Federal judges order Calif. to free 9,600 inmates
If crowding issues are not solved in time, prisoners from a list of "low risk" offenders will be released
By Paige St. John
Los Angeles Times
SACRAMENTO — A trio of federal judges ordered Gov. Jerry Brown to immediately begin freeing state inmates and waived state laws to allow early releases, threatening the governor with contempt if he does not comply.
Citing California's "defiance," "intransigence" and "deliberate failure" to provide inmates with adequate care in its overcrowded lockups, the judges on Thursday said Brown must shed 9,600 inmates — about 8% of the prison population — by the end of the year.
Unless he finds another way to ease crowding, the governor must expand the credits that inmates can earn for good behavior or participation in rehabilitation programs, the judges said.
"We are willing to defer to their choice for how to comply with our order, not whether to comply with it," the judges wrote. "Defendants have consistently sought to frustrate every attempt by this court to achieve a resolution to the overcrowding problem."
If Sacramento does not meet the inmate cap on time, the judges said, it will have to release prisoners from a list of "low risk" offenders the court has told the administration to prepare.
Brown had already taken steps to appeal the court-imposed cap to the U.S. Supreme Court, and he vowed to fight the latest ruling as well.
"The state will seek an immediate stay of this unprecedented order to release almost 10,000 inmates by the end of this year," he said in a statement.
He had immediate backing from the California Police Chiefs Assn. The court order shows "a complete disregard for the safety of communities across California," said the group's president, Covina Police Chief Kim Raney.
"Pressing for 9,000 more inmates on the streets," Raney said, shows "an activist court more concerned with prisoners than the safety of the communities."
But a spokesman for the Los Angeles County Sheriff's Department said it did not expect to have to contend with a flood of ex-convicts to watch over.
"It is never a positive step when prisoners have to be released," said spokesman Steve Whitmore, "but the Sheriff's Department is prepared for this eventuality."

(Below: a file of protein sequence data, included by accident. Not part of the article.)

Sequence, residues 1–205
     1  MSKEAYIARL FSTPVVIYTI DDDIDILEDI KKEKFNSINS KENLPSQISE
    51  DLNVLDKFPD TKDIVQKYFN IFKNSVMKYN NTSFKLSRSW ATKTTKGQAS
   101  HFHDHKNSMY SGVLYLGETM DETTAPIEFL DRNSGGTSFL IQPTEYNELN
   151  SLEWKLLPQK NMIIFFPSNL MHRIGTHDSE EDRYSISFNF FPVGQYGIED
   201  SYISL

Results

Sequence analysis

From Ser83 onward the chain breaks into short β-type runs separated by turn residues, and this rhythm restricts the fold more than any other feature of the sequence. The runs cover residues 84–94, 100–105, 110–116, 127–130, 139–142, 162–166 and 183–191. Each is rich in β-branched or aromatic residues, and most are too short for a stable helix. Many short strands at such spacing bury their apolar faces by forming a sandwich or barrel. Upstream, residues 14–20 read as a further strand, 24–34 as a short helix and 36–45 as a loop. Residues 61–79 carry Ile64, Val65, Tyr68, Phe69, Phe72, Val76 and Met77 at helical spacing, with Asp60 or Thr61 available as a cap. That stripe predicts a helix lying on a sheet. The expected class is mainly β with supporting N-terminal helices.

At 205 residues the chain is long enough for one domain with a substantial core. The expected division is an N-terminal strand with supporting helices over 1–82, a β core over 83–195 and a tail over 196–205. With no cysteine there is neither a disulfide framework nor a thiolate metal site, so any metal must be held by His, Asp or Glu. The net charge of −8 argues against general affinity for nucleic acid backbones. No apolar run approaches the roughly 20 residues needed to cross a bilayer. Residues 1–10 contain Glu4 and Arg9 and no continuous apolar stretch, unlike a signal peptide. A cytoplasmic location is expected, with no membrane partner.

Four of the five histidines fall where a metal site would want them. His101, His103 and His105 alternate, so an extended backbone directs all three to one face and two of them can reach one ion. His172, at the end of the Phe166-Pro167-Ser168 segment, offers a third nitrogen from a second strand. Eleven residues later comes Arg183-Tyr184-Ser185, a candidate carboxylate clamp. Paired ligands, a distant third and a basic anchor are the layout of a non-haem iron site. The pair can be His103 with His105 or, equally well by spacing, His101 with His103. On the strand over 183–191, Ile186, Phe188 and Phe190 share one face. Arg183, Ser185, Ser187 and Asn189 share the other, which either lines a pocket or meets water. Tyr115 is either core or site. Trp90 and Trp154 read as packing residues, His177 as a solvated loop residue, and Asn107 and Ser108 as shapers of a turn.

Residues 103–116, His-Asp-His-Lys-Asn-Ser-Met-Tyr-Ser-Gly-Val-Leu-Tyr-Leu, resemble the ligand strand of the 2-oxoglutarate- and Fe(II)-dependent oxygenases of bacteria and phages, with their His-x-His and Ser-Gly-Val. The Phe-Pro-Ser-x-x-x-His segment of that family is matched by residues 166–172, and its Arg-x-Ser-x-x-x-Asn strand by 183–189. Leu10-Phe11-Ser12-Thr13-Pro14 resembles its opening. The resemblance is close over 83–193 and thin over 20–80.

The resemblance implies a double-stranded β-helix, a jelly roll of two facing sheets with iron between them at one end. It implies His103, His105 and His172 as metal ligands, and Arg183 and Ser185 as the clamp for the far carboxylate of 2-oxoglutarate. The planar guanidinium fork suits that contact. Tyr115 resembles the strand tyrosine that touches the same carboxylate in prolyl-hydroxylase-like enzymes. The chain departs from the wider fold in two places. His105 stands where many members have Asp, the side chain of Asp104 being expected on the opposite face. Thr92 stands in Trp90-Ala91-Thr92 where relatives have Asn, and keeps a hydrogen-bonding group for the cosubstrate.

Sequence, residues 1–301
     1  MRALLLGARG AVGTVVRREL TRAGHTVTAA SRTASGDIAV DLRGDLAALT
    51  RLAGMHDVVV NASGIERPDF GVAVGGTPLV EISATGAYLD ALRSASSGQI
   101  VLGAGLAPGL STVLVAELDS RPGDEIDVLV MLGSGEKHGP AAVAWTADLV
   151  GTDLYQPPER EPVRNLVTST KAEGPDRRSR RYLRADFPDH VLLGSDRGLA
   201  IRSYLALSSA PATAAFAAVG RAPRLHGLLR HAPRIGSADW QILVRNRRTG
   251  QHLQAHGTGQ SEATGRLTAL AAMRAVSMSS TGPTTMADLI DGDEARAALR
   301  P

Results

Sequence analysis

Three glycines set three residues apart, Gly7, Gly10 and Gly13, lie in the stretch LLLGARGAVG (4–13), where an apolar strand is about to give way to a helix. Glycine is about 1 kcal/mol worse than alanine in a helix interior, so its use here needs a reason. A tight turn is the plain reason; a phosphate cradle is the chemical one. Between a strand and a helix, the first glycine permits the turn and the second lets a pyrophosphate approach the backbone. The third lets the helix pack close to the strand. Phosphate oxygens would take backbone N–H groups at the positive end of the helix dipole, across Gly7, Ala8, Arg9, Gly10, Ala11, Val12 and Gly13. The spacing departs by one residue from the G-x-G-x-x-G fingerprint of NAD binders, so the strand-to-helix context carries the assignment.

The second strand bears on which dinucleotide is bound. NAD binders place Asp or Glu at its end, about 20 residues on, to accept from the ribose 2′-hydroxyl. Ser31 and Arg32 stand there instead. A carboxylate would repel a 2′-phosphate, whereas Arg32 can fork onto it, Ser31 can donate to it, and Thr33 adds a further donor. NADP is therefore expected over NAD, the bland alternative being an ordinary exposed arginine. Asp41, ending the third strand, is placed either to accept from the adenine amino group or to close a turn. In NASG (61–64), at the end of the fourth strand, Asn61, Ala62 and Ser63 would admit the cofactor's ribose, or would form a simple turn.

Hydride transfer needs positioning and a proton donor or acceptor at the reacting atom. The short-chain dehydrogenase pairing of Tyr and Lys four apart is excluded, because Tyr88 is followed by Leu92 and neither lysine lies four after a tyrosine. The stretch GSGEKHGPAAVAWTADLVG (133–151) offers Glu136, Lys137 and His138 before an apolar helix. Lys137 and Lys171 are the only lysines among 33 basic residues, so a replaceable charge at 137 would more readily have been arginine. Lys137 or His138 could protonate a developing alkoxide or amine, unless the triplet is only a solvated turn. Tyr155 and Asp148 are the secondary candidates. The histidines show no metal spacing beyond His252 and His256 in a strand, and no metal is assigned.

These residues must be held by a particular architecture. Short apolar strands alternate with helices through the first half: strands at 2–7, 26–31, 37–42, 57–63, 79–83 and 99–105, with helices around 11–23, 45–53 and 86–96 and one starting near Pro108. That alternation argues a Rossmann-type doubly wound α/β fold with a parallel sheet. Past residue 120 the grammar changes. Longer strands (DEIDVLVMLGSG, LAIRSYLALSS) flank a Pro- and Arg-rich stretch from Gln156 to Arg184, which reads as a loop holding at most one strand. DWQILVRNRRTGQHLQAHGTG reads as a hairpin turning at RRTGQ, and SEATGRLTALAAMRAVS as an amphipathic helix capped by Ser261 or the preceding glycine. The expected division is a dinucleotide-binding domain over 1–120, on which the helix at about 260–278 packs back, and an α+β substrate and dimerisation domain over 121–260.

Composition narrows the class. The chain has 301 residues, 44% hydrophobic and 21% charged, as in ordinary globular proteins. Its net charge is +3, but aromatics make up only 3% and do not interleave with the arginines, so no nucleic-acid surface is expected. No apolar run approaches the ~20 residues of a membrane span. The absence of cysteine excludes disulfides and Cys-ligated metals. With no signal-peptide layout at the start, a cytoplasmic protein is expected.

Brown has until July 13 to file his full appeal with the high court, the same body that two years ago upheld findings that California prison conditions violated the constitutional prohibition against cruel and unusual punishment.
Lawyers for inmates, meanwhile, said Brown has few options but to let some prisoners go.
"At this point, the governor is an inch away from contempt," said Don Specter, lead attorney for the Prison Law Office, which in 2001 filed one of two lawsuits on which the judges based their order. "He must make every effort to comply immediately."
In May, Brown told the court under protest that he could further trim the prison population by continuing to use firefighting camps and privately owned facilities to house state inmates, and by leasing space in Los Angeles and Alameda county jails. In that plan, increasing the time off that inmates may earn for good behavior would have had little impact.
Thursday's order requires, absent other solutions, that the state give minimum-custody inmates two days off for every one served without trouble and to apply those credits retroactively. Such a step could spur the release of as many as 5,385 prisoners by the end of December.
A separate lawsuit, dating to 1990, alleges unconstitutionally cruel treatment of mentally ill inmates. That the courts are still trying, after two decades, to fix prison conditions was not lost on the three-judge panel that oversees prison crowding, U.S. District Judges Lawrence Karlton and Thelton Henderson and U.S. 9th Circuit Court of Appeals Judge Stephen Reinhardt.
Their order accuses the state of "a series of contumacious actions" and challenges Brown's sincerity about obeying their orders. They noted that the governor lifted an emergency proclamation that allowed inmates to be transferred to prisons in other states, for example.
Requests from prison lawyers that the administration be held in contempt "have considerable merit," the judges wrote.
The governor's reluctance to set prisoners free early has the backing of legislative leaders, including Senate President Pro Tem Darrell Steinberg (D-Sacramento). He joked openly on Wednesday about intending to kill any population-reduction plans the courts might order the governor to submit to the Legislature.
Republicans in the Legislature have pushed a plan to resume prison expansion in California.
In April, they urged Brown to restore borrowing authority that would have allowed 13,000 beds to be added. They also asked that he continue to pay to house some prisoners in private facilities in the interim. Brown did not include such provisions in the budget that is now on his desk.
The judges said there could be no delays in compliance with their order for appeals or for amendments to the plan Brown submitted in May.
They rejected state officials' assertion that "with more time, they could resolve the problem."
California voters may be more willing than Brown to release inmates to reduce crowding. In a recent USC Dornsife/Los Angeles Times poll, they were wary of sacrificing public safety, but at the same time supported steps to reduce crowding.
Sixty-three percent said they favored releasing low-level, nonviolent offenders from prison early.
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